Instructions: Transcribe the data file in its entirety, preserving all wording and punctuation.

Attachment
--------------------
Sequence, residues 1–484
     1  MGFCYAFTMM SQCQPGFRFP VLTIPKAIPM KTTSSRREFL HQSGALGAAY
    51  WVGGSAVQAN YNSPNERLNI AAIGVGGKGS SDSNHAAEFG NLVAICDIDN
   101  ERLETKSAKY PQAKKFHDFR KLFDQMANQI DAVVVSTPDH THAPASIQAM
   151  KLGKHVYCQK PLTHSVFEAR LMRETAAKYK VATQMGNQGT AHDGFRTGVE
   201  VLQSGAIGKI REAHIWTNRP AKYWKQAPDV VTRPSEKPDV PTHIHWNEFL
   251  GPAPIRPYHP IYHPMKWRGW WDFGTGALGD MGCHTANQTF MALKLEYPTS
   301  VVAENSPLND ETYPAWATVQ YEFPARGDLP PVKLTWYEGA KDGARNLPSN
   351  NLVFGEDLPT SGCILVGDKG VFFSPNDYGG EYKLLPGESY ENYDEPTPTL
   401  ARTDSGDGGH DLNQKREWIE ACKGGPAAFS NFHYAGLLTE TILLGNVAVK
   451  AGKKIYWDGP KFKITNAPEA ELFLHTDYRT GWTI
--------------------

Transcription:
Sequence, residues 1–484
     1  MGFCYAFTMM SQCQPGFRFP VLTIPKAIPM KTTSSRREFL HQSGALGAAY
    51  WVGGSAVQAN YNSPNERLNI AAIGVGGKGS SDSNHAAEFG NLVAICDIDN
   101  ERLETKSAKY PQAKKFHDFR KLFDQMANQI DAVVVSTPDH THAPASIQAM
   151  KLGKHVYCQK PLTHSVFEAR LMRETAAKYK VATQMGNQGT AHDGFRTGVE
   201  VLQSGAIGKI REAHIWTNRP AKYWKQAPDV VTRPSEKPDV PTHIHWNEFL
   251  GPAPIRPYHP IYHPMKWRGW WDFGTGALGD MGCHTANQTF MALKLEYPTS
   301  VVAENSPLND ETYPAWATVQ YEFPARGDLP PVKLTWYEGA KDGARNLPSN
   351  NLVFGEDLPT SGCILVGDKG VFFSPNDYGG EYKLLPGESY ENYDEPTPTL
   401  ARTDSGDGGH DLNQKREWIE ACKGGPAAFS NFHYAGLLTE TILLGNVAVK
   451  AGKKIYWDGP KFKITNAPEA ELFLHTDYRT GWTI